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Do you need to operate following recovery from complications of pediatric acute sinusitis?

OBJECTIVES: There are many studies that evaluate the role of surgery in the treatment of complications of pediatric acute sinusitis; however there are few studies, if any that report the incidence of surgery following recovery from acute complicated sinusitis. The goal of this study was to report the incidence and indications for surgical intervention after recovery from complications of pediatric acute sinusitis.

METHODS: We reviewed the records of all children admitted to a tertiary care children's hospital between January 2005 and September 2010 with a diagnosis of sinusitis and an orbital or intracranial complication. Eighty-six patients met inclusion criteria. Charts were reviewed for type of complication, initial treatment (medical or surgical), type of procedure, secondary procedures, age, and comorbidities. Statistical analysis was completed using independent samples student t-tests and Mann-Whitney tests.

RESULTS: A total of 86 patients with a mean age of 6.38 years (2 months to 18 years) were identified. Eighty patients had orbital complications while six presented with intracranial complications. Twenty-seven patients (31%) underwent sinus surgery during the acute phase of their illness whereas 59 patients (69%) were treated medically. After hospitalization and recovery for acute complicated sinusitis, surgery was performed on nine patients (mean age 4.86 years) within 1 month to 2 years post hospitalization. Of the nine patients who required secondary surgery following resolution of the initial complicated sinusitis, four patients were following initial surgical intervention and five patients had initially resolved their complication with medical therapy alone. Indications for subsequent surgery included failure of medical therapy for persistent rhinosinusitis (8 patients) and second complication (1 patient).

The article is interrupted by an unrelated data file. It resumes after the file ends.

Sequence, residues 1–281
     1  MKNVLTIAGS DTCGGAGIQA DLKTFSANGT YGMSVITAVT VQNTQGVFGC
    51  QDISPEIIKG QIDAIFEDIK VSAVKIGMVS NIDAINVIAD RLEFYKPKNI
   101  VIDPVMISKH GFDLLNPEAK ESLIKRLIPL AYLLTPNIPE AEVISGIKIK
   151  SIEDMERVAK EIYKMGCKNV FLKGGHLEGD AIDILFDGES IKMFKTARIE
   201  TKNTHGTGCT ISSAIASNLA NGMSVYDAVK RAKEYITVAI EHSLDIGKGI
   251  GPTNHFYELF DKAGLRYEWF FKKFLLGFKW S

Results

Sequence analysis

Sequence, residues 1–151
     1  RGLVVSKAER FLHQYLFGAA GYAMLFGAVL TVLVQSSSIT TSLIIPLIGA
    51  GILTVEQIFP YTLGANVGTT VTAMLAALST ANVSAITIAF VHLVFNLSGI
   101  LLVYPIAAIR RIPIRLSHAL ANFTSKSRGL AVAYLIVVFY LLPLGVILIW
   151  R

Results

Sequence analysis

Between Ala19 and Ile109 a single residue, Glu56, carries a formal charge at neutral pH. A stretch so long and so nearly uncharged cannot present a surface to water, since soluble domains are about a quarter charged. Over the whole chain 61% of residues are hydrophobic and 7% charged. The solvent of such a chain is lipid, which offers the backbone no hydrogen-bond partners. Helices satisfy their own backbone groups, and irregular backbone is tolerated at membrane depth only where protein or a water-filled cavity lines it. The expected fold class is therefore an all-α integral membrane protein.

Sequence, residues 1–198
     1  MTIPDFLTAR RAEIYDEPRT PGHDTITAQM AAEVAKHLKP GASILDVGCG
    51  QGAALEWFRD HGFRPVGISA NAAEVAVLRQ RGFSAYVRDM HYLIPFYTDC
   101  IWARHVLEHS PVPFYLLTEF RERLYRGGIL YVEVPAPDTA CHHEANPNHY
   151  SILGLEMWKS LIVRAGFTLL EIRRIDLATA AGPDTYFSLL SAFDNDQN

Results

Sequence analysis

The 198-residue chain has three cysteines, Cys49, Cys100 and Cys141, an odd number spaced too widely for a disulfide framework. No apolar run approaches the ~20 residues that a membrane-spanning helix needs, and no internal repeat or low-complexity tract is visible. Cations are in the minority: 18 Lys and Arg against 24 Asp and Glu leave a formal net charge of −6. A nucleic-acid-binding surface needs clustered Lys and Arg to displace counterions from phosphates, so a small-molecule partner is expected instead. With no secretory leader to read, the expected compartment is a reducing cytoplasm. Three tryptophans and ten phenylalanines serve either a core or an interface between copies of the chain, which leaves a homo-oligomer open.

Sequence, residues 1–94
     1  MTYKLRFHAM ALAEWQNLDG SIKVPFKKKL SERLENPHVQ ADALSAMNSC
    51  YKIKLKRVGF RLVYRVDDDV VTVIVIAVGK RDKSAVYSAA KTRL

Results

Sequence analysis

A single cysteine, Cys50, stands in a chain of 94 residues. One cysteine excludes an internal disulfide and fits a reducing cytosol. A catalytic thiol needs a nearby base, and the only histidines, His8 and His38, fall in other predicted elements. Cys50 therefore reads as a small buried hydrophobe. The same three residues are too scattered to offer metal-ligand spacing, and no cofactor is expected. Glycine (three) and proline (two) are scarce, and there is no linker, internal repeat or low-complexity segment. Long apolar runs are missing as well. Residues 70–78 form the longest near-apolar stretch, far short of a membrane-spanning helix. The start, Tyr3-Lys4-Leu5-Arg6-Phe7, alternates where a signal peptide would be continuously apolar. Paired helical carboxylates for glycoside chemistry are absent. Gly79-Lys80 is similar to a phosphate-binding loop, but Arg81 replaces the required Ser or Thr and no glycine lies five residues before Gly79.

CONCLUSIONS: This study suggests that following resolution of complicated pediatric rhinosinusitis, very few patients may need further surgical intervention. Subsequent intervention is best guided by clinical judgment, symptoms during outpatient clinic visits, and failure of medical therapy.

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